As these widely ranging benefits gained recognition, the Yamanote, Keihin Tohoku, Sobu, and Tokaido lines have joined the increasing number of lines adopting this system, making ATOS synonymous with safe and stable transport.
The updated transport command console; aiming to facilitate ease of use for command personnel, ATOS creates a display interface that streamlines transport operation control work.
Guide displays located at train platforms provide notifications on scheduled arrival times and other pertinent information in real time from ATOS.
In conjunction with the growth of ATOS adoption, ATOS has continued to evolve by adding new functions. Although the initial development concept was the realization of safety & stability, recent years have seen a pressing need to build on this by responding to diversifying customer needs. Behind this trend are new requirements for cooperation between train lines arising from mutual track use and other such consequences of the ongoing diversification of transport. Command centers, station facilities, and software have been modified and improved as functional advances were made; but responding to new needs, as brought about by changes in the social environment, required a complete system overhaul.
Nearly 20 years after system launch, Hitachi embarked on a full-scale renovation. System structural optimization was achieved through upgrades to command centers, stations, and other facilities. Upgrading to a newly developed high-capacity, high-reliability network was carried out in order to handle wide-area traffic control, service expansion, and other initiatives. To improve the command environment, forecast scheduling was added. This is a feature for coping with the possible rippling of delays that works by ascertaining in advance future train delay situations and locations prone to the occurrence of problems.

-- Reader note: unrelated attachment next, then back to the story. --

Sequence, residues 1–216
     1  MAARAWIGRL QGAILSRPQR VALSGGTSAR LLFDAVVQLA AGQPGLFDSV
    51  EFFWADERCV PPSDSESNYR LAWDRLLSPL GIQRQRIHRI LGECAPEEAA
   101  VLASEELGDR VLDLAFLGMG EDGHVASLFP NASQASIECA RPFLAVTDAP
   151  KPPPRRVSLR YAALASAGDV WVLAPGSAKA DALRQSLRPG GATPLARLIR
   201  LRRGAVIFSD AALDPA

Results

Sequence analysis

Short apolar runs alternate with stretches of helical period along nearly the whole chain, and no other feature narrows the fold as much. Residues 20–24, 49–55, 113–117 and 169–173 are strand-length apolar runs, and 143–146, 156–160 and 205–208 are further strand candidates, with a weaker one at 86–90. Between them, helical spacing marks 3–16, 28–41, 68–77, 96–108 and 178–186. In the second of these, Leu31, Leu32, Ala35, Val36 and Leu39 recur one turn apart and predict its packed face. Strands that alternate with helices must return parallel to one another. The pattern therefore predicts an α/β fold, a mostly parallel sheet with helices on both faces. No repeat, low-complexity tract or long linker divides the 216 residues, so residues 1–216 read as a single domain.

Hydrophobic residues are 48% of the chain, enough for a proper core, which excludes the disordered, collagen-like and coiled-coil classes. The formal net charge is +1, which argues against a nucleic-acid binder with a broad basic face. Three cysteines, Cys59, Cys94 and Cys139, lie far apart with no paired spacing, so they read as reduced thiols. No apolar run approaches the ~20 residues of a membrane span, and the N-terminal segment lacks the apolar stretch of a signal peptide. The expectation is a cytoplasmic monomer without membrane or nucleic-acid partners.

System conversions began with the Chuo Line in March of 2014, which now enjoys the benefits of schedule disruption recovery time reduction and customer service enhancements. One example of such an enhancement is as follows: In March 2015, the Ueno-Tokyo Line began operations, giving passengers a choice between Omiya and Yokohama, a section already served by the Shonan-Shinjuku Line, by adding a route. Now, based on information from ATOS, the electronic noticeboards at the Omiya and Yokohama stations can display scheduled arrival times for both routes. Also new is the JR-EAST Train Info app for smartphones, which also makes use of information broadcast in real time by ATOS.
With the growth of safety & stability and customer needs, ATOS has also grown into an important part of the social infrastructure of the Tokyo metropolitan area. It has expanded to a current scale of operations consisting of 24 train lines and approximately 380 stations for a total expansion of about 1,300 km.
However, as the metro area rail transport network increasingly progresses, transport disturbances are expected to take on a broader range of effects. This will be seen in such events as disruptions on one line rippling onto multiple lines. At the same time, the rising complexity of transport command operations will create a demand for advances to transport command support functions achieved through technological innovation. Forecast scheduling was implemented in the full-scale renovation. Next up for considerations are further functional expansions that incorporate the accumulation and analysis of implementation schedule data, historical schedule data, and other such information.
Hitachi is committed to accelerating efforts toward enhancing the safety, stability, comfort, and convenience of railway systems as a comprehensive system integrator for railways through collaborative creation projects with JR East, while also taking into consideration the development of next-generation ATOS.
Release Date: October 2017
Solutions By: Hitachi, Ltd. Railway Systems Business Unit